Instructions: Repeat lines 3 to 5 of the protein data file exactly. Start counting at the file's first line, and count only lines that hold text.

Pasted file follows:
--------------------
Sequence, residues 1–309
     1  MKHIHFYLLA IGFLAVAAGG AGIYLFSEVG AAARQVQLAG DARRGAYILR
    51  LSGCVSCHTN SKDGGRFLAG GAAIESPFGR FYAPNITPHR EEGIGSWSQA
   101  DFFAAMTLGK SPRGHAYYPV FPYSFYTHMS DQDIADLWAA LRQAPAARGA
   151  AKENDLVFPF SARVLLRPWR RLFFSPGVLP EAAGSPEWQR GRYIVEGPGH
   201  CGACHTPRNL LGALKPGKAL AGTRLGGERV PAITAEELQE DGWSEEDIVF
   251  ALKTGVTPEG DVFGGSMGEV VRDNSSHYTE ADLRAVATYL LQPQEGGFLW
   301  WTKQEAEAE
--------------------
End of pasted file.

    51  LSGCVSCHTN SKDGGRFLAG GAAIESPFGR FYAPNITPHR EEGIGSWSQA
   101  DFFAAMTLGK SPRGHAYYPV FPYSFYTHMS DQDIADLWAA LRQAPAARGA
   151  AKENDLVFPF SARVLLRPWR RLFFSPGVLP EAAGSPEWQR GRYIVEGPGH